“Our health care community is to be commended for its dogged pursuit of and support for the standard collection and reporting of REL data. We collect more data on health disparities than any other state, allowing us to target inequities more effectively,” Chase said.

About Us

MN Community Measurement is a non-profit organization dedicated to improving health by publicly reporting health care information. A trusted source of health care data and public reporting on quality, cost and patient experience since 2003, MNCM works with medical groups, health plans, employers, consumers and state agencies to spur quality improvement, reduce health care costs and maximize value. Learn more at MNCM.org.

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New Measures Evaluate Rates of Obesity Counseling for Kids, Depression Screening for Teens

New Measures Evaluate Rates of Obesity Counseling for Kids, Depression Screening for Teens

October 29, 2015The Minnesota Department of Health (MDH) and MN Community Measurement (MNCM) released first-time results from two new clinic measures that found most clinics are successfully providing lifestyle counseling to obese children, but less than half are screening adolescents for depression.

When clinicians did screen for depression, they found 9.7 percent – or 4,300 of 43,400 young people screened – had indications of a mental health condition, such as depression, anxiety or attention disorders.

The new data also indicates that 28.6 percent (98,000) of three to 17 year olds who had a well child exam last year were overweight or obese. Of those, 85 percent were counseled about nutrition and physical activity by their provider. This percentage of overweight and obese children in Minnesota clinics is slightly lower than the national rate of 31.8 percent, according to the CDC National Health and Nutrition Examination Survey, which used a different protocol than Minnesota’s effort but was conducted in clinics in 2011-2012 among children 2 to 19 years of age.

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Total Cost of Medical Care in Minnesota Increased 3 Percent Last Year

Total Cost of Medical Care in Minnesota Increased 3 Percent Last Year

Click here to search the results

The total cost of medical care in Minnesota increased by 3 percent over the past year for commercially-insured patients, while the average price of the most common tests, procedures and services provided in clinics increased by 6 percent, according to a new report published by MN Community Measurement.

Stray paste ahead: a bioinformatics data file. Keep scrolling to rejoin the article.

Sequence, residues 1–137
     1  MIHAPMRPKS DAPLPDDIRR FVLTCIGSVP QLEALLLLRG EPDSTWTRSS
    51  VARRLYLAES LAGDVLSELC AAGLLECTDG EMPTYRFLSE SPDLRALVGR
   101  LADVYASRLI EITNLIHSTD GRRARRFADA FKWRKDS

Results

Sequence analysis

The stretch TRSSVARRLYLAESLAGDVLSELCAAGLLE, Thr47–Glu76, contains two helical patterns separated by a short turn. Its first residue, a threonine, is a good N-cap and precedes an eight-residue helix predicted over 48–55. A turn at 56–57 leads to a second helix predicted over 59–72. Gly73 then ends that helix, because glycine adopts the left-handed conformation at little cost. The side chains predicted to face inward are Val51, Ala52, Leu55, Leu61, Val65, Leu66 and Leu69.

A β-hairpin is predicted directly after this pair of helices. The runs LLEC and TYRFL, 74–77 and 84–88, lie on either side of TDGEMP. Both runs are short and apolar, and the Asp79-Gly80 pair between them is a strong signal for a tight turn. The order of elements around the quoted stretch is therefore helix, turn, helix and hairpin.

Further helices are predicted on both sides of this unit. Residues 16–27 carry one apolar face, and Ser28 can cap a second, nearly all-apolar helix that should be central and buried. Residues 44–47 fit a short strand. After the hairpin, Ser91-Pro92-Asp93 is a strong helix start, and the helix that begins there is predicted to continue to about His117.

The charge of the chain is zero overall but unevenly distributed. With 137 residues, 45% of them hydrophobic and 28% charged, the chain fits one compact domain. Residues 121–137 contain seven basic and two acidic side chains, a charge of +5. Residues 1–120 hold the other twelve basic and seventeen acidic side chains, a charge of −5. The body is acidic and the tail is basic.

“Prices for clinic services are rising faster than the overall cost of care,” explained Jim Chase, MNCM President, “suggesting that medical groups are controlling the amount of care being provided or using less expensive services.”

The overall total cost of care (TCOC) per commercially-insured patient per month was $449 in 2014, a $14, or 3.2 percent, increase over the previous year.

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Survey: Patients pleased with medical providers, but want easier access

Survey: Patients pleased with medical providers, but want easier access

Click here to see the detailed clinic results

Nearly 80 percent of Minnesota’s patients give their health care providers a top rating of 9 or 10 on a 10-point scale but only about 60 percent of patients said they experienced a top level of access to care.

The results of the 2015 Patient Experience of Care Survey were released today by the Minnesota Department of Health (MDH) and MN Community Measurement (MNCM). This is the second time that Minnesota has conducted the nation’s largest statewide patient experience survey. The survey included 200,500 patients at 765 clinics in Minnesota and neighboring communities who had appointments between September 1 and November 30, 2014. This year’s survey suggests patient opinion hasn’t changed much since the first survey in 2013.

“The survey indicates that patients are generally pleased with the care they receive but would like more convenience and timely access,” said Minnesota Commissioner of Health Dr. Ed Ehlinger. “Positive patient experience is a key element of high-quality medical care, and these survey findings help inform continued efforts to ensure that patients have access to care and the communication with providers they need to be healthy.”